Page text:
State Sen. Scott Wiener speaks about a campaign mailer sent out about Senate Bill 50 at a news conference at the African American Art and Culture Complex on Monday, April 22, 2019. (Victor Tence/Special to S.F. Examiner)

State Senator Scott Wiener denounces ad campaign as ‘despicable’

Flyers featuring civil rights leaders compared housing density legislation to urban renewal of 1960s

African American community leaders stood with State Sen. Scott Wiener on Monday in a public rebuke of what Wiener called a “false and offensive” ad campaign sponsored by a well-funded Los Angeles activist comparing his housing density legislation to San Francisco’s controversial urban renewal programs of previous decades.

Wiener’s legislation, Senate Bill 50, would require cities to allow for denser and taller construction near transit lines. The bill has drawn opposition from local governments, including San Francisco’s, because it takes away local control, and from critics who say it requires more protections for tenants and for low-income communities at risk of gentrification.

The television advertisement and mailer campaign by the non-profit AIDS Healthcare Foundation, headed by Michael Weinstein, prominently featured civil rights activists such as James Baldwin and Dorothy Counts. Baldwin is quoted on the flyer saying “San Francisco is engaging in something called urban renewal, which means moving the Negroes out.”

The flyers, which misspell Wiener’s name multiple times, declared the bill to be a “hand out to greedy developers” that would displace working and middle-class communities of color.

Baldwin’s quotes on the flyer are pulled from a 1963 television interview on San Francisco’s now infamous “urban renewal” campaign, which displaced thousands of people from the Fillmore neighborhood, the majority of them African American.

“It was really a despicable act, to try to take advantage of very horrific tragedy that happened here in San Francisco and other cities, under the term ‘urban renewal,’ where entire neighborhoods were demolished,” Wiener said.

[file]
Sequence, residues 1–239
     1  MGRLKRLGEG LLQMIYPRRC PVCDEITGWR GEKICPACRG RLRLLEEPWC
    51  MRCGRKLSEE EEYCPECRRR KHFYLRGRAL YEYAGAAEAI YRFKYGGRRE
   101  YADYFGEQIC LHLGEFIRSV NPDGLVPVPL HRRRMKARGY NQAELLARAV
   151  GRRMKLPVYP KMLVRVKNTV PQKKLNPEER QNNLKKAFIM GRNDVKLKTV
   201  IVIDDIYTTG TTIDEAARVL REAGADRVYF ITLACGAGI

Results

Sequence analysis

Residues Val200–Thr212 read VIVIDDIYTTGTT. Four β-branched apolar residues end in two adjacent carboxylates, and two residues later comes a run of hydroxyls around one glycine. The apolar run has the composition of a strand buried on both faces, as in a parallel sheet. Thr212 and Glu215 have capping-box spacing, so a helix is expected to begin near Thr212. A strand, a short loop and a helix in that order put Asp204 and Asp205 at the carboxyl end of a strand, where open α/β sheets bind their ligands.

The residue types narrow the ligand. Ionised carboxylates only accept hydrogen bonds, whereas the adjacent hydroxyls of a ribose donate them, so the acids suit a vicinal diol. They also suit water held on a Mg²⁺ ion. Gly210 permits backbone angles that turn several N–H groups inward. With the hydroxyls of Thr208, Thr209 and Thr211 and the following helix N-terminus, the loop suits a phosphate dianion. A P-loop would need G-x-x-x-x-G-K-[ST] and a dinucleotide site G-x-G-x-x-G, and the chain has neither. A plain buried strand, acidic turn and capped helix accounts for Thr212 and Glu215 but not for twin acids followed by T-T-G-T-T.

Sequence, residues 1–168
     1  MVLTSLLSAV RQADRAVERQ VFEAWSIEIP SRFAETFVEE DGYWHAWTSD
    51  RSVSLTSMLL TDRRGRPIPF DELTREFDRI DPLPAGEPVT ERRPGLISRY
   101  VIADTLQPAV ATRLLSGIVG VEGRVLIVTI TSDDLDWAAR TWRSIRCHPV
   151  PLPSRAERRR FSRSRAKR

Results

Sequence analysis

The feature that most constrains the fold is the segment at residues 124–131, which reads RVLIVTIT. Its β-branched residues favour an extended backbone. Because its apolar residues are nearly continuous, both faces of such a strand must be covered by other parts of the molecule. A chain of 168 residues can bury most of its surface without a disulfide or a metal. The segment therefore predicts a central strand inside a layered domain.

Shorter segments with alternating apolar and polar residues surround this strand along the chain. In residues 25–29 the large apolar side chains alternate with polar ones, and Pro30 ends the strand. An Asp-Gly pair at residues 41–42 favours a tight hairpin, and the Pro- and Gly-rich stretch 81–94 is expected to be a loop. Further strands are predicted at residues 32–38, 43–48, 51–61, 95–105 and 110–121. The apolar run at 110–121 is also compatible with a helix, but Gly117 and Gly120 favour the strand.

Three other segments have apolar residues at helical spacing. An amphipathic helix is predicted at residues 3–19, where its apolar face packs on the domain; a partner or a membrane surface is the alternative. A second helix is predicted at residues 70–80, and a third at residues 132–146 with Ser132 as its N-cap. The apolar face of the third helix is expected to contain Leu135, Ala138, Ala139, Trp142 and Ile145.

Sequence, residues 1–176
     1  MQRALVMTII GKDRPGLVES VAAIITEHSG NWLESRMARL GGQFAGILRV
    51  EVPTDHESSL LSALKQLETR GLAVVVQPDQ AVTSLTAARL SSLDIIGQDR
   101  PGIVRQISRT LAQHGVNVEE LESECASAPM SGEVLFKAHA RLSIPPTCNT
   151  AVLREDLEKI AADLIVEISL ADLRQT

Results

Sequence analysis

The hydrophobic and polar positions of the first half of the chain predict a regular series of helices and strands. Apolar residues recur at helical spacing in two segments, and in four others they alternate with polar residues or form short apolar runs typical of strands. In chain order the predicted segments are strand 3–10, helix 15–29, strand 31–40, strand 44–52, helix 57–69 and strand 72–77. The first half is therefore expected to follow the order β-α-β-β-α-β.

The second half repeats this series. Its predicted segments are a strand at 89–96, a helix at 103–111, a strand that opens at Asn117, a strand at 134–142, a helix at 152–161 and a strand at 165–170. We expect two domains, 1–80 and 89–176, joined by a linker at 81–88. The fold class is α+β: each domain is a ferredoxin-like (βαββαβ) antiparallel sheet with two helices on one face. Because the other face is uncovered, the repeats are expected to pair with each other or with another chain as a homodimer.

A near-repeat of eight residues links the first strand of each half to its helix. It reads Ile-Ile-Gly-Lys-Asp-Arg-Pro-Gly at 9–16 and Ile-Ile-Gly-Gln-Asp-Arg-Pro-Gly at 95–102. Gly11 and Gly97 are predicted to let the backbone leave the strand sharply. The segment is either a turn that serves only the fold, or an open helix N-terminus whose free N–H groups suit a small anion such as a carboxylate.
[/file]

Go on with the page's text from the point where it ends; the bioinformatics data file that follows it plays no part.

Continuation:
Prominent figures in the local African American community said the campaign material had gone too far.

“We don’t need anyone to pimp the African American’s pain for pity or political gain,” said Rev. Amos Brown, president of the San Francisco branch of the National Association for the Advancement of Colored People.

Jacqueline Flin, the executive director for the A. Philip Randolph Institute’s San Francisco office, said “we reject these tactics that use our black faces and black history to manipulate the truth.”

This is not the first time Wiener and Weinstein have locked horns.

In a barrage of 13 tweets on April 16, one day after the launch of Weinstein’s campaign against the proposed housing legislation, Wiener called Weinstein a “bully obsessed with abusing HIV healthcare funds to attack me.”

In the tweets Wiener traced the origins of their conflict to 2014 when he prevented Weinstein from opening a pharmacy in the Castro neighborhood. Wiener went on to tweet that Weinstein had become “California’s NIMBY-In-Chief, funding campaigns and groups whose purpose is to stop new housing.”

However, Rene Christian Moya, director of the housing division of the AIDS Healthcare Foundation, disputed Wiener’s claim in an interview with the Examiner.

“It is deeply unhelpful to try and deflect from the very real political criticisms that we have leveled against Sen. Wiener,” Moya said.

Moya defended the mailer campaign, saying it drew out “historical continuity between prophecies of urban renewal in the 1960s to gentrification in the present day.”

“While that history is painful, it is also necessary to talk about how gentrification today is painful, and we need to be having this conversation, as difficult and as painful as that may be.” Moya said.

The senate bill came out of the housing committee earlier this month and will go to the senate governance and finance committee on Wednesday.

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